Just 30 minutes of activity a day will help stave off heart disease and other illnesses, says BHF
Every 15 minutes someone dies as a direct result of physical inactivity.(1) Yet just 30 minutes of activity a day will help stave off heart disease and other illnesses, the British Heart Foundation says today as it launches a new poster campaign.
Almost a third of people asked give lack of time as a reason for their inactivity, a new YouGov poll reveals.(2) But three out of four would choose a sedentary activity such as using their computer, watching TV or reading if they had a spare 30 minutes in the day.
The survey results are published today as the BHF launches its celebrity-backed "30 a Day" campaign featuring light-hearted billboard adverts showing combinations of everyday ways to be active such as washing the car, gardening or swimming.
With a growing aging population in the UK, the campaign urges people who are 50 or over to get active now, in any way that suits them, to keep healthy and independent in their later life.
Dr Mike Knapton, Director of Prevention and Care at the BHF, says: "It's an alarming thought that inactivity kills someone in the UK every 15 minutes. These deaths are avoidable and the solution is simple and achievable.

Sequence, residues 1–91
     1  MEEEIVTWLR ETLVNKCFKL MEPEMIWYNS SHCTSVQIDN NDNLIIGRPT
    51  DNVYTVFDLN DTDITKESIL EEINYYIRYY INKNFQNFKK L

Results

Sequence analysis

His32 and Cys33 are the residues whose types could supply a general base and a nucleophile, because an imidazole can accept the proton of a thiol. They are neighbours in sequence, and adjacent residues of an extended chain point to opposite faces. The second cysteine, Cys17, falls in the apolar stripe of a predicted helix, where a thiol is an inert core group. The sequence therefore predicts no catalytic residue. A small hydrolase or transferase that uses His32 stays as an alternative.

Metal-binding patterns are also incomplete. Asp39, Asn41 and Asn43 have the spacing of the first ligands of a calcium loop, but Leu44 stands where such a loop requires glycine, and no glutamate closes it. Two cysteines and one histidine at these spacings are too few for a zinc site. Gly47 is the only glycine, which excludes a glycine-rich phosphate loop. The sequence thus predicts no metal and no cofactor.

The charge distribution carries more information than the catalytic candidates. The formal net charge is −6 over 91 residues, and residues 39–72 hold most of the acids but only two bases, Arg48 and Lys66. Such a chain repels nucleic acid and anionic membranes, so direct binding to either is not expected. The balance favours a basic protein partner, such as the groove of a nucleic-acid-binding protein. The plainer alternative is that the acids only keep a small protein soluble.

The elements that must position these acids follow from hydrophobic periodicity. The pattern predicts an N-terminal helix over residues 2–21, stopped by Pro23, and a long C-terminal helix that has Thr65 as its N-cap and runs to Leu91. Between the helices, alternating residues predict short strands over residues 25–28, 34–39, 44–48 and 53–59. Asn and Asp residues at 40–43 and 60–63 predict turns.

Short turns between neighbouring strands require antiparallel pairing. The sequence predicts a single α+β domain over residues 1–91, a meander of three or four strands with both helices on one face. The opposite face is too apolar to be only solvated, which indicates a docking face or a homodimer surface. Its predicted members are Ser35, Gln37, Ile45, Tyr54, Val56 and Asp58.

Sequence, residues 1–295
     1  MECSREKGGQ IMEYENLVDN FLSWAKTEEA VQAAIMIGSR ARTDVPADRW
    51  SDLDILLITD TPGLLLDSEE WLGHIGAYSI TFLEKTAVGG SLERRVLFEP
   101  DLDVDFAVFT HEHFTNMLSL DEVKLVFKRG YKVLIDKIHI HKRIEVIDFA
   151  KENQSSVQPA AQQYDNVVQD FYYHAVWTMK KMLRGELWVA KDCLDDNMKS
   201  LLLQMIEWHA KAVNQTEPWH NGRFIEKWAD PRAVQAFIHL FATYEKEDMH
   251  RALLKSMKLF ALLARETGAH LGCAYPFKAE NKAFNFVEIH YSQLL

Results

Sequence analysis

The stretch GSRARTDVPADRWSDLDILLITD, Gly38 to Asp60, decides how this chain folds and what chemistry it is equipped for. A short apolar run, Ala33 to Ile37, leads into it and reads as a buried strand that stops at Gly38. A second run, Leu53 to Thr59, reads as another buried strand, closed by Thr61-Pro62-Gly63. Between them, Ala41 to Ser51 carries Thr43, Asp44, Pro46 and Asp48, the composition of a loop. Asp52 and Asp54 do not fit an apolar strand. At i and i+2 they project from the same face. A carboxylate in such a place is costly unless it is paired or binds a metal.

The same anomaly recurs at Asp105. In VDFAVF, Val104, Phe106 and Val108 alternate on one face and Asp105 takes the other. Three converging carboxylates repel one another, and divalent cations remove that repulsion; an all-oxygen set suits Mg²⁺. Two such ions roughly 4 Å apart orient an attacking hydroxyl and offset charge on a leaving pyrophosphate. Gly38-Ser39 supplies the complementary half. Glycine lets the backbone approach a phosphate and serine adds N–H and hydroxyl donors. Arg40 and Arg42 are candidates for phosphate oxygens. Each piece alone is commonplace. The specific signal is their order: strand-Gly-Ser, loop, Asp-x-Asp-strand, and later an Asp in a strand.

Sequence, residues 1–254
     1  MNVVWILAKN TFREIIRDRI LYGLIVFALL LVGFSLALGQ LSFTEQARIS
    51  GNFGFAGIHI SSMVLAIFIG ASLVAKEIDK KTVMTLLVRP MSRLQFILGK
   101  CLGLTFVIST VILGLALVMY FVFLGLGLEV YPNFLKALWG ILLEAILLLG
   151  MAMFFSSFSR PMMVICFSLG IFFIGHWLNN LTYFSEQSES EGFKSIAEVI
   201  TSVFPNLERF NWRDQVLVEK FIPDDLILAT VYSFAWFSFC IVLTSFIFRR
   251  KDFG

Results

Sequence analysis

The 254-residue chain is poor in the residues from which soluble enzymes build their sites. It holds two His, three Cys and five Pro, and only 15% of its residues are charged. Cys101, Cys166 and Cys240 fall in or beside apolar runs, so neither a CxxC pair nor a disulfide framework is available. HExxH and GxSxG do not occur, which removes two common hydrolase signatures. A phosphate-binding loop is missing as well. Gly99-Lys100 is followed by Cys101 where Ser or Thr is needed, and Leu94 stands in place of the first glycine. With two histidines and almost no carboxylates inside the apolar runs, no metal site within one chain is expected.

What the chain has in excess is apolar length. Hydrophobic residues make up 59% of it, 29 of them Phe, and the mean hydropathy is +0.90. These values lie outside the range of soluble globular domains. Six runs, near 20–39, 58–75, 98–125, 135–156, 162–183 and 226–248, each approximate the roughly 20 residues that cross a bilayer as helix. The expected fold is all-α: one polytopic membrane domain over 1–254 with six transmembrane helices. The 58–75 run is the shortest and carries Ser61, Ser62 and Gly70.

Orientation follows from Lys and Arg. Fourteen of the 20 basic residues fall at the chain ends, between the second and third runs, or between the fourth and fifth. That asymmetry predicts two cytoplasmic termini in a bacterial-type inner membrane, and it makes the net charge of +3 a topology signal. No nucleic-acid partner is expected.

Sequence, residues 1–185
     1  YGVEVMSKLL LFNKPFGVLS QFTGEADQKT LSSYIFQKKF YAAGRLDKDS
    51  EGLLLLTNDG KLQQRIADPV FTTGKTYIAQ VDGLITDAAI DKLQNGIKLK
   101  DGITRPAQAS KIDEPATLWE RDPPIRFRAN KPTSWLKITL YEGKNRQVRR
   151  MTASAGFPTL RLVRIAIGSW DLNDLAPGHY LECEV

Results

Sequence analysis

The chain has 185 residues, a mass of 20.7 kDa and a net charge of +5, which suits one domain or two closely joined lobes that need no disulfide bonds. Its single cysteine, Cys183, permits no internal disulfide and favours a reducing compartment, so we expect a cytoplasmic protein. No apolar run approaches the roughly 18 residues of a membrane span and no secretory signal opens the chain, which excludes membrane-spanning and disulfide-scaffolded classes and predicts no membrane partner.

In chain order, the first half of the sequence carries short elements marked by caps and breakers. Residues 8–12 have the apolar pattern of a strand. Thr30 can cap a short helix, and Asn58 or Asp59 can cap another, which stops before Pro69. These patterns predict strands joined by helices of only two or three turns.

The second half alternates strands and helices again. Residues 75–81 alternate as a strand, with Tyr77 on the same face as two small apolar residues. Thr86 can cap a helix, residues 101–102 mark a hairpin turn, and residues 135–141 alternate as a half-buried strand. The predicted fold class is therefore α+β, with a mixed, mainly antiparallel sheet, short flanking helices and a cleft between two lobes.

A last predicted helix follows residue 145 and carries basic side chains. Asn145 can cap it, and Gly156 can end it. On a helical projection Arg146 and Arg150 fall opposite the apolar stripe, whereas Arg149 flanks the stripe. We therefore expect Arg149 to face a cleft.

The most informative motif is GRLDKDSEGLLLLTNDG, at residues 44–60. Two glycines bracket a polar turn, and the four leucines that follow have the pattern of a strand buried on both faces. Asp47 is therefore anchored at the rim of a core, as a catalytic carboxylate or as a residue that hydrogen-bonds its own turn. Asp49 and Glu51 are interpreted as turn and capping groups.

"We can all make excuses, but at the end of the day it's up to individuals to make the change, to get up and to get active. Just 30 minutes a day can make all the difference, and it can be fun!
"Keeping fit doesn't have to mean sweating it out at the gym and it's never too late to start."
As part of the campaign, the BHF is sending 2.5 million leaflets to households across the UK and the campaign poster will go up on over 2,000 billboards across the UK.
Please visit www.bhf.org.uk/30aday for practical, fun ways to be physically active, or to order a free campaign booklet by calling 0808 156 5630.
Allender S, Foster C, Scarborough P, Rayner M. The burden of physical activity-related ill health in the UK. J Epidemiol Community Health 2007;61:344-8.
YouGov survey of 1,174 UK adults aged 50-64, March 2007